The New Mexico Democrat is one of the first two Native American women to serve in Congress.
Rep. Deb Haaland (D-NM) invoked her Pueblo heritage on Thursday in a Democratic National Convention address from tribal lands to highlight the importance of voting.
Halaand, an enrolled member of the Pueblo Laguna, became one of the first two Native American women ever elected to Congress in November 2018. Rep. Sharice Davids (D-KS), an enrolled member of the Ho-Chunk Nation of Wisconsin, was the other.
Halaand noted in her speech that "tribal nations have fought for and helped build this country," and explained the importance of voting:
I stand here today a proud 35th generation New Mexican and one of the first Native American women ever elected to congress. I am a symbol of our resilience, as the embodiment of America's progress as a nation.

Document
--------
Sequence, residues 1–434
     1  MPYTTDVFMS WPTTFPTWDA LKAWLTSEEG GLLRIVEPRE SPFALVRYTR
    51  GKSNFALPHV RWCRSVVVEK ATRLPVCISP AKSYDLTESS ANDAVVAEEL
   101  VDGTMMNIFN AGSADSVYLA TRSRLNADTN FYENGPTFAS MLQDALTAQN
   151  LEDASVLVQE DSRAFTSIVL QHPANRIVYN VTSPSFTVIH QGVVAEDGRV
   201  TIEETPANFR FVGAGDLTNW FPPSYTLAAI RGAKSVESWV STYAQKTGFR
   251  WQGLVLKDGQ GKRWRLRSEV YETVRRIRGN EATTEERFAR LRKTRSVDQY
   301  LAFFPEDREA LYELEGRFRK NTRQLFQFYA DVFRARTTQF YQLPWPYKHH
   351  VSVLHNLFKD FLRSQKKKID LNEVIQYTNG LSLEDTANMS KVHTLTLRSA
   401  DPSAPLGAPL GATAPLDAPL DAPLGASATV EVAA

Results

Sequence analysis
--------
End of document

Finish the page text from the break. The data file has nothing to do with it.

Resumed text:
I know we can't take our democracy for granted, especially now as people are dying, as our land is abused, as our Constitution is under attack. We must work for it, by getting involved, by registering voters, by voting.
Voting is sacred. My people know that. We were not universally granted the right to vote until 1962. And that fundamental right is more important than ever.
Whether your ancestors have been here for hundreds of years or you're a new citizen, know this: whether we vote and how we vote will determine if our nation's promise of social, racial, and environmental justice will outlast us.
Haaland concluded by praising Joe Biden and Kamala Harris as leaders who "respect our past and understand our present."
Published with permission of The American Independent Foundation.